The likelihood that a fourth round of direct federal stimulus payments will come to pass remains quite low. Over the course of the federal government’s three rounds of direct stimulus payments, which saw the distribution of payments worth $1,200, $600, and $1,400, respectively, the IRS has sent out some 472 million payments with a total value of over $800 billion. In just the third round of payments alone, the IRS has so far distributed over 165 million payments totaling roughly $388 billion.
It now appears as though the campaign to distribute these stimulus payments is approaching its end, with the IRS having recently shifted its focus to sending payments out to those Americans whose eligibility for payments is dependent on the processing of their 2020 tax returns. This includes both those people about whom the IRS did not have sufficient information prior to the processing of their 2020 returns, as well as those people eligible for supplemental payments that the IRS refers to as “plus-up” payments.
As the distribution of stimulus payments winds down, many people are increasingly calling for a further round of payments or even for regular recurring payments sent out each month. A number of online petitions, the largest of which includes over two million signatures, have been circulating calling for such payments.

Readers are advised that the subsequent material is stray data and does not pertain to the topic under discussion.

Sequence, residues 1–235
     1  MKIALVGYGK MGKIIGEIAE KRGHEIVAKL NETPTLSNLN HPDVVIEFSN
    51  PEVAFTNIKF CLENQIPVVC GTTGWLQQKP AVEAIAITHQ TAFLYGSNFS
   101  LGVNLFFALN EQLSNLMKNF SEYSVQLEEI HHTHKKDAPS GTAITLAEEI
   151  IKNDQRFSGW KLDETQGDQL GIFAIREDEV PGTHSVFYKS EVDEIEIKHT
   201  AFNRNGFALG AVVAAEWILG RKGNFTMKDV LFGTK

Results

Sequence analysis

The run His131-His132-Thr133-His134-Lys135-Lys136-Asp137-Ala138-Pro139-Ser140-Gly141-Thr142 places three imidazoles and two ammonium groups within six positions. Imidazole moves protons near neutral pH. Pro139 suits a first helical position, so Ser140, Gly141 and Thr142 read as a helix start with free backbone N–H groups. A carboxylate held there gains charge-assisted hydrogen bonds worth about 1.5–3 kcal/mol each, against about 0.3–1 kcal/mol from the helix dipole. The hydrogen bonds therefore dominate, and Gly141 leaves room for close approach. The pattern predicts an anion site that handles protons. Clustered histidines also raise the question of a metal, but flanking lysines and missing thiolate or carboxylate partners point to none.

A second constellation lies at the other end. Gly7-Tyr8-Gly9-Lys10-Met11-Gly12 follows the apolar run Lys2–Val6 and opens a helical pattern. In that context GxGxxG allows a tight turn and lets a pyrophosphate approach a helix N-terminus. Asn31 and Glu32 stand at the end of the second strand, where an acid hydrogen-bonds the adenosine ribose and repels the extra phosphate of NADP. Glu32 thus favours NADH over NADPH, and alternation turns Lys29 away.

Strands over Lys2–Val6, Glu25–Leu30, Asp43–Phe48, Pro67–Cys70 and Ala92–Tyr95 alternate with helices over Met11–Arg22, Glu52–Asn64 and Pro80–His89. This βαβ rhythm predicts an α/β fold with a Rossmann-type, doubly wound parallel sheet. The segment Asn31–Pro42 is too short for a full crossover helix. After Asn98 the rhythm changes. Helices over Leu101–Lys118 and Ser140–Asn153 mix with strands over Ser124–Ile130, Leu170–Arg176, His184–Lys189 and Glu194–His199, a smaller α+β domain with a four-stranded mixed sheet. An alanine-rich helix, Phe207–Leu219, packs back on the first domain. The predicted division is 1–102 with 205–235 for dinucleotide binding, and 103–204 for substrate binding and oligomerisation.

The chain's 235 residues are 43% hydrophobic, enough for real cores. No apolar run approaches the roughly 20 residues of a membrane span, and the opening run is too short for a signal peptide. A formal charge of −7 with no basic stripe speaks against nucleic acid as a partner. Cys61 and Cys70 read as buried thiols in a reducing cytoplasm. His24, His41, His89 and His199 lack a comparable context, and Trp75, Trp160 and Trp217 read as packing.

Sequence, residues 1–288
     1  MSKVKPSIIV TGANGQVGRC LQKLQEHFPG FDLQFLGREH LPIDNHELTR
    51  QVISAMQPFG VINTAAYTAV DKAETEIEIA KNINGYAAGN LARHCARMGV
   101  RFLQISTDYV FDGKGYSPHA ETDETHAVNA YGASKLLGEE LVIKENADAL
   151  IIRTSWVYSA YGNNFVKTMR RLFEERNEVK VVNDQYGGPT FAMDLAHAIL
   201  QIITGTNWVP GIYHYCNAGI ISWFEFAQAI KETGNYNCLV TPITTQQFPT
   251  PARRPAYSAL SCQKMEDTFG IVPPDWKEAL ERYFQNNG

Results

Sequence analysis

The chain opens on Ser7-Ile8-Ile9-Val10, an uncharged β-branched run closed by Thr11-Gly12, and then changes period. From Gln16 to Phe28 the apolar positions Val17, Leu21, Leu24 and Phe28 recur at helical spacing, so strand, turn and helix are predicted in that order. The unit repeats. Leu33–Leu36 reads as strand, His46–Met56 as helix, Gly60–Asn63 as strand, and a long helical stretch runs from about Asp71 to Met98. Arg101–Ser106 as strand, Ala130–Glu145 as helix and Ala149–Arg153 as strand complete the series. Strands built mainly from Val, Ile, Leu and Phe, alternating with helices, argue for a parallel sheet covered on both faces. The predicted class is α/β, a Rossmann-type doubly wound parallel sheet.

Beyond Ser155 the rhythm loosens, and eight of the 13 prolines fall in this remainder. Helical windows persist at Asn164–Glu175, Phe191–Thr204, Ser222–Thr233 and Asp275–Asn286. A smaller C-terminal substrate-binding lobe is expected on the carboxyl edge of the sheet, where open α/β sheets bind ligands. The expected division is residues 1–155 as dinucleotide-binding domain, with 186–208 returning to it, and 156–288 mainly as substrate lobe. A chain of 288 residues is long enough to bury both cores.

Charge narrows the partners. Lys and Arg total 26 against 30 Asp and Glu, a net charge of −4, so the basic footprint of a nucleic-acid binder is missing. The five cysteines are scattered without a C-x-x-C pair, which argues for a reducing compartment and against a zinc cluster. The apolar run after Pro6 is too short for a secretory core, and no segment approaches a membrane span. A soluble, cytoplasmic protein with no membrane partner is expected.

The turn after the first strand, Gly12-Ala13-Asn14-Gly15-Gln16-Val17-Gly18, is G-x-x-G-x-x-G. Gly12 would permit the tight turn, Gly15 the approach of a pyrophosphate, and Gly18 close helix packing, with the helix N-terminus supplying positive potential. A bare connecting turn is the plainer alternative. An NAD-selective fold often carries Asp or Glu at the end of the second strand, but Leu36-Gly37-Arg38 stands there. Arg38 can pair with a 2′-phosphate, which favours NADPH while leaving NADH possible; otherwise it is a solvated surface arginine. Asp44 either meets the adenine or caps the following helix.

A number of members of Congress have also been advocating for additional or recurring stimulus payments, with seven Democratic members of the House Ways and Means Committee recently sending a letter to President Joe Biden calling on him to include such payments in his proposed American Families Plan. This follows a similar letter sent by 21 Democrats in the Senate urging the President to push for recurring payments and an earlier letter from Democratic members of the House of Representatives similarly calling for recurring payments.
Even with all of this support among both members of Congress and the American public, it does not appear likely that the Biden administration will push for either a fourth round of payments or recurring payments. The administration has indicated that such measures will be left up to Congress, and both Democratic and Republican leadership in Congress have so far failed to demonstrate any intention of pushing for additional payments.
Instead, the Biden administration will likely focus on generating support for the American Families Plan and the American Jobs Plan, its two proposed tax and spending bills. The plans do not include additional stimulus payments, but would instead focus on providing in-direct support for many Americans.
Those hoping for some form of direct payments may still be in luck, however, with advance payments as part of the expanded child tax credit set to begin in July. Payments originating with states may also be possible in the future, with $350 billion in funding available to state and local governments through the Coronavirus State and Local Fiscal Recovery Funds. The federal government recently promulgated guidelines regarding how the funds can be used, and indicated that one such use could be direct stimulus payments in the same mold as those sent out by the federal government.
Eli Fuhrman is a contributing writer for The National Interest.
Fourth Stimulus Payment? Here Is What We Know Right Now. is written by Eli Fuhrman for nationalinterest.org